Classics Outdoors 2022
The Thieving Magpie - Rossini
Rodeo Suite - Copland
March of the Toreadors from Carmen - Bizet
Stars and Stripes forever - Sousa
Radetsky March - Strauss
Pirates of the Caribbean - Badelt
The Lord of the Dance - Hardiman
Doors open at 12 noon, so why not grab blanket or rug, pack yourself a scrummy picnic basket and make an afternoon of it. We look forward to seeing you there!
To open Classics Outdoors this year we look to Gioachino Rossini (1792-1868) and his ever-popular Overture to La Gazza Ladra (The Thieving Magpie) with its opening, attention-getting drum roll. The opera was commissioned for La Scala, Milan in 1817, but it seems that the multi-talented young Italian, who had published his first composition aged 12 and ultimately wrote 39 overtures, was known for delaying to the eleventh-hour; the conductor of the première allegedly had to lock him in the opera house overnight to ensure its completion!
Aaron Copland (1900-1990) grew up in Brooklyn around a century later and, despite his Lithuanian heritage, came to be regarded as the Dean of American Composers. Against the backdrop of the Great Depression he adopted a deliberately accessible style which evoked the American landscape and pioneering spirit, and produced (among many other works) four Dance Episodes from Rodeo. The original ballet’s Metropolitan Opera House première in 1942 elicited 22 curtain calls and certainly belied Copland’s initial reluctance to compose yet “another cowboy ballet”!
Georges Bizet (1838-1875) entered the Conservatoire de Paris at the tender age of 9 years and won many prizes as a pianist; he was influenced by Gounod and Saint-Saëns, but later focused on opera having met Rossini. He enjoyed early success, but breaking conventions with (what turned out to be) his last opera gave him a real public profile. The first audiences were shocked – the eponymous Spanish heroine is, after all, an amoral seductress – and he was mistakenly convinced it would fail. In fact the opera soon became a spectacular, eventually worldwide success. Our selection from the Carmen Suite No 1 showcases its most memorable themes.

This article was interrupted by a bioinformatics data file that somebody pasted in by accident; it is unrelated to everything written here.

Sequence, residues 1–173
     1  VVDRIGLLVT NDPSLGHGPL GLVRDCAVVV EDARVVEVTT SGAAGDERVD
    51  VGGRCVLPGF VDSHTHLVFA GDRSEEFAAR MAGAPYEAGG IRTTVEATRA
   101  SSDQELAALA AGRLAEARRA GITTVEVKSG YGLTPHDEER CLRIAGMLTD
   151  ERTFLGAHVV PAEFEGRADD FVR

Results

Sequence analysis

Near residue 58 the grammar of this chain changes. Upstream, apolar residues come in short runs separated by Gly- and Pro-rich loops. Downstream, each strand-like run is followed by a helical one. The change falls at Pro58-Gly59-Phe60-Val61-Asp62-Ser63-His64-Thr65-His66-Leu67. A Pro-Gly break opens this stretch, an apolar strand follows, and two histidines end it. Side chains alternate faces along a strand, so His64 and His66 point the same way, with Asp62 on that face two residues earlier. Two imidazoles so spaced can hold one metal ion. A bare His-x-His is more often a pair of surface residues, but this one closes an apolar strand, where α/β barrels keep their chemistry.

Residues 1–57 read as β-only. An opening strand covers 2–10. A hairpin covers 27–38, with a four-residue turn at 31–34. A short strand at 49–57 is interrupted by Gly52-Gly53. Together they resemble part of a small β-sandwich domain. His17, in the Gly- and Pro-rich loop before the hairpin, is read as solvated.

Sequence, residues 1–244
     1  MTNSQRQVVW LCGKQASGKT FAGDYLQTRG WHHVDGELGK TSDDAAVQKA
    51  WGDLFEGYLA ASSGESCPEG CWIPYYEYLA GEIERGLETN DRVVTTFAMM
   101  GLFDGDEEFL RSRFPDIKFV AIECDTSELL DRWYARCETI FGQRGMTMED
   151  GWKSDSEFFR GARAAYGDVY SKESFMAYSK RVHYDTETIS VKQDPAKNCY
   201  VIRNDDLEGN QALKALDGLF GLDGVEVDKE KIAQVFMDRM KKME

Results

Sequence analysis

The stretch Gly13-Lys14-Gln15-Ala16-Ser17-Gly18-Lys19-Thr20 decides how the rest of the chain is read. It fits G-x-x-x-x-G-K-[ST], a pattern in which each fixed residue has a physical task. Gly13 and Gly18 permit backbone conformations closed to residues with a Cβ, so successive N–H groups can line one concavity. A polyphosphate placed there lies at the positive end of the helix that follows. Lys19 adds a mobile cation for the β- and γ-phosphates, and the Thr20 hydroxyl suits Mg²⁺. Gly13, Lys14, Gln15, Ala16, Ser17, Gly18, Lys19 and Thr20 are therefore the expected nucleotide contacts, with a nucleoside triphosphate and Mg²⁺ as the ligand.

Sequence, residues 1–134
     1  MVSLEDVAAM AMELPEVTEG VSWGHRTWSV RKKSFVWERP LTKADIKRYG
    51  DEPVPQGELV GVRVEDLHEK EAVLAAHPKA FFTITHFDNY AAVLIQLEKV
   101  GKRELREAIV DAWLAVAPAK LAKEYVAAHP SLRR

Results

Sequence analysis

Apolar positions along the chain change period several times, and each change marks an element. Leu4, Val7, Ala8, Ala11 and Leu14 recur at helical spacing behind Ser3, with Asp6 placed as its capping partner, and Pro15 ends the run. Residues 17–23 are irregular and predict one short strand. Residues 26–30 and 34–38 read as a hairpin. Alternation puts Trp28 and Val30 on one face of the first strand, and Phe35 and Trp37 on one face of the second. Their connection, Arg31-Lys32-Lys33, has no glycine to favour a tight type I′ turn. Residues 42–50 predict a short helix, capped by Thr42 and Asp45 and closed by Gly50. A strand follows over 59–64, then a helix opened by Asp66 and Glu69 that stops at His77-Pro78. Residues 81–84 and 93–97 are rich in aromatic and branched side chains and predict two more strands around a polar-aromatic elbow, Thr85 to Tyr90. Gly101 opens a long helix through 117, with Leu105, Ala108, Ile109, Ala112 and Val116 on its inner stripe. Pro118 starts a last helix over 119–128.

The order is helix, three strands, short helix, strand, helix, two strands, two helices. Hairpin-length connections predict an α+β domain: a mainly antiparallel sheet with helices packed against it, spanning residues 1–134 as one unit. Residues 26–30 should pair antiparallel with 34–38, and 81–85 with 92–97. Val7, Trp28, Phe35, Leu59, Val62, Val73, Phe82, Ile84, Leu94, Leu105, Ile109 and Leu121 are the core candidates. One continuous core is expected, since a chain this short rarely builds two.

Our next piece is similarly enduring. Johann Strauss Snr (1804-1849) composed his Radetzky March to commemorate victory at the 1848 Battle of Custoza, but it has since become a much-loved unofficial Austrian national anthem and a regimental quick march for, among others, the 1st The Queen’s Dragoon Guards of the British Army. It is also instantly recognisable from the annual New Year’s Day Concert in Vienna, when its foot-tapping rhythms almost invariably demand an encore.
Finally, while you’re in the mood for marching, we hope that the Stars & Stripes Forever by John Philip Sousa will maintain the pace before we come right up to date with Pirates of the Caribbean by Klaus Badelt and The Lord of the Dance by Ronan Hardiman.